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For those living with Alzheimer’s disease it is important to understand the dietary needs and mealtime changes that need to occur to ensure a safer, more enjoyable quality of life. Mealtime means more than a balanced diet, as it is a key component of daily living providing a routine and socialization.

For someone newly diagnosed with Alzheimer’s disease and in the early stages, mealtime is a good time for socialization, with slight modifications.  For example, rather than having a dinner party at a busy restaurant with 12 people, an intimate gathering of 4 – 6 at someone’s home would be more enjoyable. This would also be a good time to start a mealtime routine. Evening time can become a time of anxiety and aggression in those living with Alzheimer’s.  Late meals can add to this and act as a trigger for unpleasant behaviors, so it is recommended that the largest meal of the day be midday.  Evening time should consist of a light snack, making it easier to sleep through the night.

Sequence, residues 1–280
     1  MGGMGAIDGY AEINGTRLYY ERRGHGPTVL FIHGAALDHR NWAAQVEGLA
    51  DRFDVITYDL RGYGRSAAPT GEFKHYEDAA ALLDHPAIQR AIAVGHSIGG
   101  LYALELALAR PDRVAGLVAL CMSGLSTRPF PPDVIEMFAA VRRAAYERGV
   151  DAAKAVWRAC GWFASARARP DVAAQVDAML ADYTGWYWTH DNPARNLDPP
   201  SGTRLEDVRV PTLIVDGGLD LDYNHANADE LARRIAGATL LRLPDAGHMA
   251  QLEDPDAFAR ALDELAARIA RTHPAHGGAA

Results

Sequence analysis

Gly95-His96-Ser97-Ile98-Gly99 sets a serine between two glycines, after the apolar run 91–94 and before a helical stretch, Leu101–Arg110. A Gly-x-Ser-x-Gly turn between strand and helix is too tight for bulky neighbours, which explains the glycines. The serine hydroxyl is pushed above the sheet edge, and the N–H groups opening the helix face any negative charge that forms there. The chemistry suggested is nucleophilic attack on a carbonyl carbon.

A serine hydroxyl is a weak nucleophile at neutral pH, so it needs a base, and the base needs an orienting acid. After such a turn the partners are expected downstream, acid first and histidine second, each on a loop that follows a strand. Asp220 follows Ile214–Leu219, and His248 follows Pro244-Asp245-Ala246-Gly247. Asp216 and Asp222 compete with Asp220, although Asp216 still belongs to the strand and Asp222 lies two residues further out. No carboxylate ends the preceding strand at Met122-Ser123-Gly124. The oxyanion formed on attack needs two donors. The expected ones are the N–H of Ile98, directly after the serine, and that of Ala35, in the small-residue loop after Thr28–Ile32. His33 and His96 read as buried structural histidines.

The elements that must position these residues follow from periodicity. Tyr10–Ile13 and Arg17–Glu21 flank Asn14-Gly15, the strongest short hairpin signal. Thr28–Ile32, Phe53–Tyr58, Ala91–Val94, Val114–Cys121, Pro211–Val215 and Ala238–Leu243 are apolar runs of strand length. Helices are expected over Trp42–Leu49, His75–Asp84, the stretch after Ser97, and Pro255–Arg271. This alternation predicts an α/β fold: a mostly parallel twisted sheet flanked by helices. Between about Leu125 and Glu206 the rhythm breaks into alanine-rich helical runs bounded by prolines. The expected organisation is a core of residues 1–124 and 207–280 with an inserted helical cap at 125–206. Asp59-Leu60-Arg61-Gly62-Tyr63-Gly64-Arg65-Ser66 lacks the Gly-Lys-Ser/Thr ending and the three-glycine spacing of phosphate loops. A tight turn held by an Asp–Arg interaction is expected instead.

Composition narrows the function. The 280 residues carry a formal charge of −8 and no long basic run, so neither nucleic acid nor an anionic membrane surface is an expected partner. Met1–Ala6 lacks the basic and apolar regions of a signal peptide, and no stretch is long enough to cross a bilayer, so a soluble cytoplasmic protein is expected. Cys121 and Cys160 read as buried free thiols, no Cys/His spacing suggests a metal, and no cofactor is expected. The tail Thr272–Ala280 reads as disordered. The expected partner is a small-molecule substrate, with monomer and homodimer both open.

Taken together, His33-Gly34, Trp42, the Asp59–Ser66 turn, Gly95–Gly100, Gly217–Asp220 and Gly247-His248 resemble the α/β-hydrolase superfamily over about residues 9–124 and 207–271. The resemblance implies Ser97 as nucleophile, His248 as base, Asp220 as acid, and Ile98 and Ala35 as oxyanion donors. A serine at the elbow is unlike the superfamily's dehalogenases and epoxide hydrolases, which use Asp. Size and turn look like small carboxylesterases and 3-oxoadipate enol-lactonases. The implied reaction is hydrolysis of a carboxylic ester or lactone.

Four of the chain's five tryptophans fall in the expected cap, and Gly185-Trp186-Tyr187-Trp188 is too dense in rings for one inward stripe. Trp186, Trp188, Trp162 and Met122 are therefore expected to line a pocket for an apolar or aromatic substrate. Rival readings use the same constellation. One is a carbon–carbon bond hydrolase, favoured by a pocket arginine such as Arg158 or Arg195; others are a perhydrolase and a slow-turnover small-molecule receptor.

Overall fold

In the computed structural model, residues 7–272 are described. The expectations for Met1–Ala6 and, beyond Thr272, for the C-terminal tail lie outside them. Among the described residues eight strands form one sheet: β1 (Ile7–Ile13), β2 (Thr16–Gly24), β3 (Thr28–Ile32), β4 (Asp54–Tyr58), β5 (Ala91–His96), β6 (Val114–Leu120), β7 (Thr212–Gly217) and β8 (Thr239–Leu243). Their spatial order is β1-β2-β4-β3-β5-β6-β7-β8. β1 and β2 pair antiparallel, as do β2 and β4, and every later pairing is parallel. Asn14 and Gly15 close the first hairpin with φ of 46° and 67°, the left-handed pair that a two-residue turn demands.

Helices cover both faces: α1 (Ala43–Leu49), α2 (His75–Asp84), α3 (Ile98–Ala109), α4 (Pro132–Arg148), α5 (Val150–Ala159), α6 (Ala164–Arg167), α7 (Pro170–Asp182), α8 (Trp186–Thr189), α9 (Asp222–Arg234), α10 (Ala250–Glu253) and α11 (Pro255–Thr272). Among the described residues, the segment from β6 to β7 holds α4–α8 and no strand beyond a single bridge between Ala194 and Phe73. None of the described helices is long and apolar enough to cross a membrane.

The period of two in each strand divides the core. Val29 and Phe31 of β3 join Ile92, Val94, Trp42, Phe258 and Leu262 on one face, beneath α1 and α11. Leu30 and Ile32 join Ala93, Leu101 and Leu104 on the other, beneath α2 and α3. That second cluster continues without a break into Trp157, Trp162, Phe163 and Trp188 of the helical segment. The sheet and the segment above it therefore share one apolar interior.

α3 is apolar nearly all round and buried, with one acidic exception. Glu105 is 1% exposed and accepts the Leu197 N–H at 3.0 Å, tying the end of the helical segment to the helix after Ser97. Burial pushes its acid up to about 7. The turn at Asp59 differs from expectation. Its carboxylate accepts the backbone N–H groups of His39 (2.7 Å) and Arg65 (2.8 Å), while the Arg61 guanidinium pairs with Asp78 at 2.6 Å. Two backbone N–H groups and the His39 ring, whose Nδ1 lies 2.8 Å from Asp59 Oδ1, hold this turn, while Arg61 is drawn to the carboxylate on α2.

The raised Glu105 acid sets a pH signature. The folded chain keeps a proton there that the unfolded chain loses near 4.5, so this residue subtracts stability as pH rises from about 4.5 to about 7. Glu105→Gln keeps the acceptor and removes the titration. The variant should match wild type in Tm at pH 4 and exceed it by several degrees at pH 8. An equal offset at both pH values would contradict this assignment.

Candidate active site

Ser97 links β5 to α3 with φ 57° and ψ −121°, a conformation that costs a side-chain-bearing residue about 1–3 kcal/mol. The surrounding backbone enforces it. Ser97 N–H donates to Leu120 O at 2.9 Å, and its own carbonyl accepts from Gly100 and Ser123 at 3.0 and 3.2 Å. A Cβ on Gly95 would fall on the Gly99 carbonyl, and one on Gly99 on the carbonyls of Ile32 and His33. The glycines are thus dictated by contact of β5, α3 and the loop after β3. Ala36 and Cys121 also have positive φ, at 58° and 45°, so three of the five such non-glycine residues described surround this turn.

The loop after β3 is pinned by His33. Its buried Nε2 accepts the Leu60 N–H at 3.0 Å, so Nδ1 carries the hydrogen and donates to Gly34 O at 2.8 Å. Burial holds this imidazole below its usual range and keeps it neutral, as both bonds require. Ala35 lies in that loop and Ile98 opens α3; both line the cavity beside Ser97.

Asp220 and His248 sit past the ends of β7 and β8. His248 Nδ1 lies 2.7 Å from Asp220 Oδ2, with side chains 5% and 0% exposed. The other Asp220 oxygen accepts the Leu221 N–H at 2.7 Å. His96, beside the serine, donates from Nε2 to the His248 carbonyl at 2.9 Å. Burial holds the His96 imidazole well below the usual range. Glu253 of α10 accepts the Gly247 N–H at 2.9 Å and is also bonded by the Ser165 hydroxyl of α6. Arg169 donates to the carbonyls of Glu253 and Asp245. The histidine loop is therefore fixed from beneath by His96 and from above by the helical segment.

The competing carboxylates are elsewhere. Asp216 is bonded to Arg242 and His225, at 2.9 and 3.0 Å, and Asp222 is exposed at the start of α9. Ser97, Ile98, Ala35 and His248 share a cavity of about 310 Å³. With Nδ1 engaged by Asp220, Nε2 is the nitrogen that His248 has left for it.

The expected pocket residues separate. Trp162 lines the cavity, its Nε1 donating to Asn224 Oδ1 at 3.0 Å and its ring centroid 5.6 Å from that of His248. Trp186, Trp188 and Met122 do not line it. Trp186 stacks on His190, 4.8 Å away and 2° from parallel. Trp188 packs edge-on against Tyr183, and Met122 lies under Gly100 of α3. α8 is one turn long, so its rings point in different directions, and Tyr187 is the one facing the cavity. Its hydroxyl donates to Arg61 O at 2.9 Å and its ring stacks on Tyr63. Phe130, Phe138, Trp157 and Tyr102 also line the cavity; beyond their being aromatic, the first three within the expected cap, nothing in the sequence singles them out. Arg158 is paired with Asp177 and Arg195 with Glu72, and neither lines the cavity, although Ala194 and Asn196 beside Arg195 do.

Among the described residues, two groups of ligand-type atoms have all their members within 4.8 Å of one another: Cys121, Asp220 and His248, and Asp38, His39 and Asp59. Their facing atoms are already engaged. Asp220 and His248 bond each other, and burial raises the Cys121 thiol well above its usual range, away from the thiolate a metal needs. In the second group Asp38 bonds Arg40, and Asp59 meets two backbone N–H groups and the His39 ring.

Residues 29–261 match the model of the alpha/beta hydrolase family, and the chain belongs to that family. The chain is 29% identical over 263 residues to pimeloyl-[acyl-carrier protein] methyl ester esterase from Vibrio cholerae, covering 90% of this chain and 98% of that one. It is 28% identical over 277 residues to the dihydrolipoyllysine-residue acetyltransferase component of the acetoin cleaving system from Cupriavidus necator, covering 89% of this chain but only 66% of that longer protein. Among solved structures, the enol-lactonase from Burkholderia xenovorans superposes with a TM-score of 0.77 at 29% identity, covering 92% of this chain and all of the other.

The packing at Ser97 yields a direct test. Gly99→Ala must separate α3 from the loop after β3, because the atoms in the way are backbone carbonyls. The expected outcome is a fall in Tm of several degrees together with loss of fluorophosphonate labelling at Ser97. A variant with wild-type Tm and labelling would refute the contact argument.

As the disease progresses to the moderate stage, it is necessary to increase taste, texture and color of the meals.  Bright colors from fruit and vegetables add interest to the plate, and smoother textures can ease swallowing. In addition to daily scheduled activities, mealtime is a great time for social interaction.  Eating in small groups consistently will provide comfort and familiarity and having a constant dinner partner can also be beneficial. Those living with Alzheimer’s like to feel as though they are contributing. Washing vegetables, splitting green beans, folding napkins and setting the table are examples of safe ways for them to feel involved in mealtime preparation.

In the late stages of the disease, it is important to focus on the texture of the food, for ease of swallowing.  As it become harder for the Alzheimer’s resident to control their tongue and muscles used for eating, a smoother texture is needed throughout the diet. Of course, during this time, nutrition is just as important. Often times, supplements or shakes are needed to ensure the right nutrition is being consumed. Additional care and assistance during mealtime is needed.